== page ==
“Russia’s role in Africa is now growing,” said Korendiasov. “First of all, they are attracted by Russia’s independent foreign policy position. Many African people see Russia as a kind of counterweight to the continuing neo-colonial pressure from France, Britain and other Europeans and the European Union as a whole. And that is why Russia’s independent foreign policy course, its defence of the principles of sovereignty, and its sharp opposition to terrorist threats on the African continent — this all attract the attention and sympathy of Africans to the foreign policy of the Russian Federation. Russian-African relations are currently going through a revitalisation phase. As for the countries of West Africa, Russia is concentrating on the problem of combating terrorist organisations.”

The former diplomat elaborated that Russia is offering broad, national security cooperation to strengthen Africa’s counterterrorism and military capabilities against terrorist and other threats. Russia has also expanded military and military tech cooperation with Africans and is providing training to African military officers in military schools.

Thus, it is hardly surprising that the African countries invite Russian military instructors to provide assistance to their respective states, Korendiasov noted.

“We think that we have to organise our national armed forces in a more solid way in the fight against terrorism,” he said. “However, private military companies, in particular our PMC Wagner Group, provide quite notable assistance, particularly in Mali, in the fight against terrorist groups in northern Mali.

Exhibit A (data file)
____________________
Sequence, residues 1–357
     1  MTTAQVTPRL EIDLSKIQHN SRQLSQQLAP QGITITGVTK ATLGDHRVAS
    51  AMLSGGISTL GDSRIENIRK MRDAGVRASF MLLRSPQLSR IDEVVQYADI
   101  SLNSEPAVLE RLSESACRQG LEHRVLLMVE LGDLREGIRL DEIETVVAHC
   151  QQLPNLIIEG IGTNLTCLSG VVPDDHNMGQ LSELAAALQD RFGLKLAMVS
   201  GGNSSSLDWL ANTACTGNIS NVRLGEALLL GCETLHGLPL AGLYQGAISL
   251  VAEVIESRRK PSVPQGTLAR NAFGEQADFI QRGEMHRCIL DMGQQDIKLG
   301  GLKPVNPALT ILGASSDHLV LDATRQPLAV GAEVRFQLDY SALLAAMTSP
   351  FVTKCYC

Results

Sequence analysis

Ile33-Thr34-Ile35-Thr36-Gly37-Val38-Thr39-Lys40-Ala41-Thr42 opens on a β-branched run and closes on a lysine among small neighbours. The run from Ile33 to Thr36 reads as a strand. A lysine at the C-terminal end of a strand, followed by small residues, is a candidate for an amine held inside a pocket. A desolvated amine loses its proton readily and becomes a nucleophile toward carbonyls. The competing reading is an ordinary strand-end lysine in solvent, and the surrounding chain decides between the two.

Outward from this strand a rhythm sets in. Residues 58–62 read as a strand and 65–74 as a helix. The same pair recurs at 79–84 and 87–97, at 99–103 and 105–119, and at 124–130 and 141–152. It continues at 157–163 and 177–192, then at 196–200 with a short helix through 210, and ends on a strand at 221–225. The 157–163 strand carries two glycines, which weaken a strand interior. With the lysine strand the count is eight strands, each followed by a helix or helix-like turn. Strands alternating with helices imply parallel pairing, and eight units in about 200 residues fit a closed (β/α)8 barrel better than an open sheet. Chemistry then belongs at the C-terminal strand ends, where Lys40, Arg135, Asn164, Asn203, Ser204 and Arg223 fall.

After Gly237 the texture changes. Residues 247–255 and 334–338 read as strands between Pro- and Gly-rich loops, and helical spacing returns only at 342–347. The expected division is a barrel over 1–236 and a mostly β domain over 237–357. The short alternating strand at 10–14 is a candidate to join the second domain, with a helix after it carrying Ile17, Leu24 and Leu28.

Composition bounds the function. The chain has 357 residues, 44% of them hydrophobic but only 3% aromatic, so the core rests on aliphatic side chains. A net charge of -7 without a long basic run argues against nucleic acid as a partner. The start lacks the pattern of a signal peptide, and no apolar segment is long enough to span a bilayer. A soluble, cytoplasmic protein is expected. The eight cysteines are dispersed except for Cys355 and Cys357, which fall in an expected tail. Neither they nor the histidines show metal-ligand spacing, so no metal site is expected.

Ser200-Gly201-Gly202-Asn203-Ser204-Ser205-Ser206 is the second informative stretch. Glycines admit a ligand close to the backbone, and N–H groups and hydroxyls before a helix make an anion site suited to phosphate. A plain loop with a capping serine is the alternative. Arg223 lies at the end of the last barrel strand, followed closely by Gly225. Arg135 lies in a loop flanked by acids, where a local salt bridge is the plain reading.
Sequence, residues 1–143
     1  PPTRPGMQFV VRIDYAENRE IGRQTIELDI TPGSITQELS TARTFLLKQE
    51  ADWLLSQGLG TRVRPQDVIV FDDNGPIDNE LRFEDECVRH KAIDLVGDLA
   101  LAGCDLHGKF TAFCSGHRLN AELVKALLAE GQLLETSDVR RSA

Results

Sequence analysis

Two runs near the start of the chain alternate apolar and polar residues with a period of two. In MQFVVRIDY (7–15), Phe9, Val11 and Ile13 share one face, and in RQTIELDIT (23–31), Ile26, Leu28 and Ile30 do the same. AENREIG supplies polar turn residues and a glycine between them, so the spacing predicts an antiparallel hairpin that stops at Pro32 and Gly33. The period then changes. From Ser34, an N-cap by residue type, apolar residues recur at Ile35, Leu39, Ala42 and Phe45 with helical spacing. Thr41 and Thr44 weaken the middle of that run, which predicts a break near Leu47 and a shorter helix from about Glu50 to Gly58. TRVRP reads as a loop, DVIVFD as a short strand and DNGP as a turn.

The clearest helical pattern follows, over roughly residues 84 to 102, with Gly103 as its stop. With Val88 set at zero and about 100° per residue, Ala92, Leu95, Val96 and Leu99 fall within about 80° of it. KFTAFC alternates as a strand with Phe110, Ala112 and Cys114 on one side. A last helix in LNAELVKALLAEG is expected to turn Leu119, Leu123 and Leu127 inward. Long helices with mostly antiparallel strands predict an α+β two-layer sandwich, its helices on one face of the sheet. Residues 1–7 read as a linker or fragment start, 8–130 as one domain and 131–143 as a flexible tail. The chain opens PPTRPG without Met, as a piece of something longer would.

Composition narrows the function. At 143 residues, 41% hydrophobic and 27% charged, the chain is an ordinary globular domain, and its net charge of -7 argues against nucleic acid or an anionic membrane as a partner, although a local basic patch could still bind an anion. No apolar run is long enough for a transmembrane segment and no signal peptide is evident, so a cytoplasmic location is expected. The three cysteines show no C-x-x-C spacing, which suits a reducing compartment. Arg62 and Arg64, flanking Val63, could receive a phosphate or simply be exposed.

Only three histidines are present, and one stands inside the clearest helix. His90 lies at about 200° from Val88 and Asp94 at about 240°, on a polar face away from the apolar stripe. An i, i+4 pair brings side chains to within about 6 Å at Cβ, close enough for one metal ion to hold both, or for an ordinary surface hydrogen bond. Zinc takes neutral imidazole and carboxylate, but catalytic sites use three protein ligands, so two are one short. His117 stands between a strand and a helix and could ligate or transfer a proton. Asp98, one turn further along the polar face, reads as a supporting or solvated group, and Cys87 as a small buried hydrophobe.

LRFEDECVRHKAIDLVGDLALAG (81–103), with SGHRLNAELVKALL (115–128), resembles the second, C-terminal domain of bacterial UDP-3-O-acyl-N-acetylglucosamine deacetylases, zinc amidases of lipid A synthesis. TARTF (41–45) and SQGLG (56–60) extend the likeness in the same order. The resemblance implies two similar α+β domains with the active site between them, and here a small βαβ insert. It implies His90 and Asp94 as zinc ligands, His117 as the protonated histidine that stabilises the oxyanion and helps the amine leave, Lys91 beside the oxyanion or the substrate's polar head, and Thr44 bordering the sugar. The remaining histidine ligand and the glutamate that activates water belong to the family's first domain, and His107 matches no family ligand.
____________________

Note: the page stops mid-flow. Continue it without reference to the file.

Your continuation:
That is why Russia’s authority in Africa is now increasing. [Russia’s] independent foreign policy and its willingness to provide comprehensive support to strengthen security and fight against terrorist insurgencies – all this has attracted the sympathy of the African people for the Russian Federation’s foreign policy and contributed to the expansion of economic, trade and, last but not least, military-technical cooperation.”

Meanwhile, the solution to the Sahel security dilemma demands a comprehensive program of national reconciliation, the resolution of interethnic and interreligious contradictions, and the creation of an inclusive government, highlighted Eledinov. If Russia offers such a program and rolls it out, it will gain serious political weight in the region, the Senegal-based expert concluded.

Blinova is an independent political analyst and a freelance journalist.

* This article first appeared on Sputnik News.